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Reverse Mortgage - a cash-flow solution

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Reverse Mortgage - a cash-flow solution

 

Many older Canadians have much of their wealth tied up in their homes, and some have poor cash-flow.

 

I recently met a woman at one my estate planning seminars in Toronto who told me that she was seriously looking at borrowing money to improve her cash-flow by using a CHIP reverse mortgage.

 

Sarah, not her real name, is an 84 year old widow with no close family, who lives in a small house in a good neighbourhood in Toronto. Her house is likely worth $800,000. She has few options to increase her income, and remain living in her house with her cat Lilly.

 

The first advice I gave Sarah was to think about selling her house and using the capital to buy a life annuity that would provide sufficient income to pay her rent in an assisted-living facility near where she lives. That suggestion went over like a lead balloon. Sarah has no interest in selling and moving. At 84 she is still driving, is mentally fit and happy to stay where she is.

 

There are really only two commercial options to borrowing for people like Sarah. She can apply for a line of credit from the bank or use a reverse mortgage. The main difference between the two is that interest needs to be paid on the line of credit whereas the interest on the reverse mortgage does not. The interest owing on a reverse mortgage accumulates and is paid to the lender with the principal when the property is sold.

 

A life annuity income is a good choice for Sarah. Borrowing to purchase a life annuity will give her a guaranteed income for as long as she lives. Borrowing to invest in GICs doesn’t make sense and risking capital in the stock market at her age is not really an option.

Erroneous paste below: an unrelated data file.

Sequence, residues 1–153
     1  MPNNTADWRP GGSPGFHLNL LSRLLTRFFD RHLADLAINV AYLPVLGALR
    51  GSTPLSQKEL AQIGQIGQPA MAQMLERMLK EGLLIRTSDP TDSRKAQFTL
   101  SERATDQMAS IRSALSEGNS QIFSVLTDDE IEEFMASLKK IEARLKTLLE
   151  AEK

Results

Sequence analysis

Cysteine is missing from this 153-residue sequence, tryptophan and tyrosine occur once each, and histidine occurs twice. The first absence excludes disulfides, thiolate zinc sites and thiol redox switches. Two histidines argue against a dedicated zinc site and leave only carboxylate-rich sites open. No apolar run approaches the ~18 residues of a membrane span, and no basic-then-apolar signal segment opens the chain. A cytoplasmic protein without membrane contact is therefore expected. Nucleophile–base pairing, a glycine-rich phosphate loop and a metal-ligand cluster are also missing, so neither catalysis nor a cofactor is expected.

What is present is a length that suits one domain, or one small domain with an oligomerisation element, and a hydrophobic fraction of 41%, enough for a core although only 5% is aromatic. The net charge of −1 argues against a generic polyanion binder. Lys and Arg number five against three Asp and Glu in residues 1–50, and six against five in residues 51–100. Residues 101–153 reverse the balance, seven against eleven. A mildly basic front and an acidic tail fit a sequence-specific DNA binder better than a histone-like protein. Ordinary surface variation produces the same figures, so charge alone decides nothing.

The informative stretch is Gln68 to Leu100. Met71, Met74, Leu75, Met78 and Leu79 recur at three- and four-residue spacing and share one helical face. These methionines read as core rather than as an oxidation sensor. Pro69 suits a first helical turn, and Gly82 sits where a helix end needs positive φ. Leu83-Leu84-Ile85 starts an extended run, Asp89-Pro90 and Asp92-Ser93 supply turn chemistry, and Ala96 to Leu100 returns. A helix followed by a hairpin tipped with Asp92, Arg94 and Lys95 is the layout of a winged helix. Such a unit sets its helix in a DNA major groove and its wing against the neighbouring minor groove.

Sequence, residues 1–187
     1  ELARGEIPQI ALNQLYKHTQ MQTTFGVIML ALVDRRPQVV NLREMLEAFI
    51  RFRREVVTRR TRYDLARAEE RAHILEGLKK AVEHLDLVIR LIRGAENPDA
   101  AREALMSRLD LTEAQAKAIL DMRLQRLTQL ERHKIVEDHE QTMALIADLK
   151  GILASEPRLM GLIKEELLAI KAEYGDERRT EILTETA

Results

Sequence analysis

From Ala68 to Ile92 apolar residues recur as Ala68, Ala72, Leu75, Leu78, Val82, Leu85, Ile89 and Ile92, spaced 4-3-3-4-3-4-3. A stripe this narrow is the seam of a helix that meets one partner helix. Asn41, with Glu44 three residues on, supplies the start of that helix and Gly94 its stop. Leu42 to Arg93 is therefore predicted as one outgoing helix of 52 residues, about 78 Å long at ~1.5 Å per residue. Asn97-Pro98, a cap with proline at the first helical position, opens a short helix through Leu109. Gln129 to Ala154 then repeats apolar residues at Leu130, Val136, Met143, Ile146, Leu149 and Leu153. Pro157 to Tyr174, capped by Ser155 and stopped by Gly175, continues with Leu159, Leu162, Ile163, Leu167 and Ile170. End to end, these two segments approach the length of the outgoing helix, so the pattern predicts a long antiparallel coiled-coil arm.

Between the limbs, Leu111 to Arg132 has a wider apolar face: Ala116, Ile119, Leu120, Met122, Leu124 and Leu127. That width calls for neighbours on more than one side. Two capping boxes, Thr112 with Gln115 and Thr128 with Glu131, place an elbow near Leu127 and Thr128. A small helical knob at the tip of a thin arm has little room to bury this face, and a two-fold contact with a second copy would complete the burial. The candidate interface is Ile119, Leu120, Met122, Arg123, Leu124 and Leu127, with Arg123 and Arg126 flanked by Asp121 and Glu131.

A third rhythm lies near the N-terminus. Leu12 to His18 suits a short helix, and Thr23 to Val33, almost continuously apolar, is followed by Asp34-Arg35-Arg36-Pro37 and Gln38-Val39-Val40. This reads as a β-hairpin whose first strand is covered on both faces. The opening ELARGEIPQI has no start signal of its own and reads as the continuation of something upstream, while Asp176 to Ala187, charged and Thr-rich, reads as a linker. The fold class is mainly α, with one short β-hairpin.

A $100,000 life annuity, with a 6-year guarantee, for an 84-year-old female will generate $910.47 per month or $10,925.88 annually after tax. (The annuity qualifies for prescribed taxation and there is no taxable portion for an 84-year-old woman, this will change after January 1, 2017 when the new mortality tables come into effect).

 

If we assume a 4.5% cost of borrowing for the reverse mortgage, i.e. $4,500 compounded annually but receiving $10,925.88 of tax-free income, I can see how the cash-strapped senior finds this attractive.

 

In Sarah’s case, she will only be charged interest on what she borrows according to the reverse mortgage rules. Sarah’s house might qualify for a $400,000 but she does not need to take all the money at once and in fact can go back later and borrow more if needed.

 

I have to confess that at first glance I wasn’t a big fan of reverse mortgages but after I created a spreadsheet and compared it to a line of credit, a reverse mortgage makes sense if the goal is to increase cash-flow. Few things provide guaranteed income like a life annuity.

 

There are some up-front fees for a reverse mortgage. The companies’ charge $1495, the house appraisal will cost $200-$300, and the borrower will need to receive independent advice from their lawyer for $350 to $500. The combination of a reverse mortgage and a life annuity can solve income problems for seniors who are asset-rich but cash-flow poor.

 

To learn more about how a reverse mortgage and life annuity combination can help increase your cash-flow please call or email Nick Godfrey – 905-815-7186 Nick@ProInsure.ca.

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Guest Friday, 15 December 2017

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